Israeli Prime Minister Benjamin Netanyahu says he is ready to make "painful compromises" for peace with the Palestinians, but he says Israel will not return to its pre-1967 borders.
Mr. Netanyahu got a rousing reception when he addressed a joint meeting of the U.S. Congress Tuesday. He said his country will not go back to what he said were "indefensible" borders that existed before the 1967 Six Day War.
He said the Israeli-Palestinian conflict has not been about forming a Palestinian state, but rather that Palestinians are unwilling to accept a Jewish state. He said Israel will be generous with the size of a Palestinian state, but he added that Jerusalem will never be divided.
Mr. Netanyahu said peace can only be achieved through the negotiating table, and he voiced his opposition to a planned effort by the Palestinians to seek U.N. recognition of statehood in September. He said Israel will not negotiate with a Palestinian government backed by the Islamic militant group Hamas, which he described as the Palestinian version of al-Qaida.
He also warned of the dangers of a nuclear-armed Iran, saying the nightmare of nuclear terrorism would be a clear and present danger throughout the world.
Afforded the rare honor of addressing a joint meeting of Congress, Mr. Netanyahu also highlighted the strong ties between his country and the United States, describing Israel as an unwavering ally. He congratulated the U.S. on the killing of Osama bin Laden, the mastermind of the 2001 terrorist attacks on the U.S., saying, "Good riddance."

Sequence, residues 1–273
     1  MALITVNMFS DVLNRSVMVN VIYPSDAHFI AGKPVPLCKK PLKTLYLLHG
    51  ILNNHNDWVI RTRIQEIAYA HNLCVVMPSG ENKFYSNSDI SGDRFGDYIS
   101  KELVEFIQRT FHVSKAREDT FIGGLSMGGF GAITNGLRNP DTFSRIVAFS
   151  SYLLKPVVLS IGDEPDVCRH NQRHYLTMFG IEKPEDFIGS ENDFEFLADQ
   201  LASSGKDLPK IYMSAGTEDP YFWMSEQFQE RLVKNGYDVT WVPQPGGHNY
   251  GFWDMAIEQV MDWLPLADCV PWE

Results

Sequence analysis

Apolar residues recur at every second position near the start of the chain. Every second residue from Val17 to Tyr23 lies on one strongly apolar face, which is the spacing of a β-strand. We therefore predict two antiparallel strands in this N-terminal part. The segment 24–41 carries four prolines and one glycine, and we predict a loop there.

On Monday, he told a meeting of the American Israel Public Affairs Committee that peace will only come when Palestinians recognize Israel's right to exist.
U.S. President Barack Obama told the same pro-Israeli lobbying group on Sunday that Israel must "make the hard choices" necessary to reach a peace agreement. He said they include basing the borders of Israel and a Palestinian state on the 1967 lines with mutually agreed swaps of territory.
The prime minister said Monday that peace will not solve all the endemic problems in the Middle East. He said what is needed is genuine democracy that includes elections, freedoms of speech, press and assembly, and rights for women, gays and minorities.
In his speech to the U.S. Congress, Mr. Netanyahu described Israel as an example of democracy in the Middle East.
During his visit to the U.S., Mr. Netanyahu met at the White House with President Obama and Vice President Joe Biden.